The next dilemma was where to put the winter onions. I'd managed to pick up two large bags of Swift rather than the usual Senshyu, which will hopefully allow them to catch up with everyone else since I'm late planting again. Decided in the end to put them in the fallow plot, as the alternative would have meant digging through the old spud patch and Chris warned me that you have to sieve out volunteers carefully if you follow spuds with onions. The fallow plot had onions in 2 years ago, but hopefully the intervening time will have been enough. We shall see. Planted around a hundred, carefully putting them just under the soil. Funny how I've tended to plant garlic at onion depth and onions at garlic depth. The bag contents were a bit shrivelled in places so it's as well I got two as I could pick the better ones, and I've spare sets too in case some don't grow.

Need to do the runner bean patch next so itīs ready for squashes, then the old onion area which will get brassicas. I am determined to get sprouting broccoli this time! Then I can move on to plot 2. Need to go and get some carpet pieces first though, now I've got to the point where soil is now dug over and waiting for next year. It could do with being protected (and stopped from growing anything weedlike!).


Rotation plan for 2005, also showing the relative positions of the two half plots. A square is a square metre.

Grey = not planted Brown=planted     yellow=sweetcorn quarantine area because of 2003 smut.

Carpets label on plot 2 is a bit optimistic, since grass has got through and itīs more like a wilderness!

Currently thereīs stuff in the way of several crops, but they should all be out of the way before new plantings. The leeks are doing really well this year (even if I did cheat and use punnets in the end). Will gradually freeze them as the winter progresses in the hope that I will get them all safely packed away before the flower spikes form.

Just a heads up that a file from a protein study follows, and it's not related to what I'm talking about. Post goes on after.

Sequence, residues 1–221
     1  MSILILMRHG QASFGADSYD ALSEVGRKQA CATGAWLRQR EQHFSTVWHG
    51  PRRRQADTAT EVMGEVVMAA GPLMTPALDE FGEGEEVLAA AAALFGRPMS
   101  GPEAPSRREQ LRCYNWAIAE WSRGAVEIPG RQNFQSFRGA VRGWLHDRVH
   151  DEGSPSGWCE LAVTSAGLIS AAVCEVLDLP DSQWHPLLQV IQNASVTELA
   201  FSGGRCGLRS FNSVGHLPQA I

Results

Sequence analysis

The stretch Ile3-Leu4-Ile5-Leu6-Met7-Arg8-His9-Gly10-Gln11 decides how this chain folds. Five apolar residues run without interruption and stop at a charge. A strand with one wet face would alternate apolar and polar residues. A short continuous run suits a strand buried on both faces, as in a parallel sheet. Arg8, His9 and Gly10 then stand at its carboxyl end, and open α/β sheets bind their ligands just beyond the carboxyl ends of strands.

The next dilemma: what to do about the frames. The frames worked really well until the nails started working their way out of the wood, and so they lost their shape and couldnīt be tipped up for weeding. Screws probably wouldnīt have been any better, and so I have lots of bits of wood floating about. The carrot frame would have been great if Iīd managed to block the last gap, but eventually the flies got in. So, should I follow the example of Lorraine and use hosepipe with netting over? I need to get more enviromesh, sadly (and expensively). Iīm sure I can reuse some of the current mesh, despite it being damaged by the tacks holding it to the wood. It would have been fine if the foxes hadnīt jumped on it and pulled it...

So, whatīs the solution? I could trim the existing bits of wood to remove the mangled ends (and that would shorten them, as they were a bit too long in the first place) and bolt them together with L-shaped plates which may also lose the nails/screws after a few months. Or I could disassemble them completely and use the pieces to build bed edges, stacking the bits on top of each other to get the right height. And use hose. Probably this latter option, using the rescued nails to make the edging more solid, and use bits of the wood along the edges of the net, to stop invaders (but which stop me tipping them up for weeding, though that didnīt happen much as I never seemed to have time anyway).

Either way, Iīm not going to do nothing. Iīve got much nicer carrots because of the incomplete covering,  the leeks are great too and the cabbages donīt have caterpillars even if they didnīt grow in the first place! The big broccoli frame is still just about going, albeit with crossed wire supports. I can add more of those to keep it upright which should help.

Christmas Dinner and Food Miles.

Well, despite the lack of effort Iīve put into the growing this year, I will have marrow, leek, carrot, runner beans and potatoes for Christmas. The remaining onions Iīm hoarding for stuffing, so I can do the whole Christmas dinner (and Iīve certainly got enough sage too!). And thanks to the freezer Iīve still got some French beans, and thanks to Chris Iīve got red cabbage, both required ingredients for Pīs Christmas fare. The turkey is going to be free range and locally raised by Richard Waller and so I think, incredibly, the food miles for Christmas dinner will be virtually zero and the produce mostly organic. Hoorah.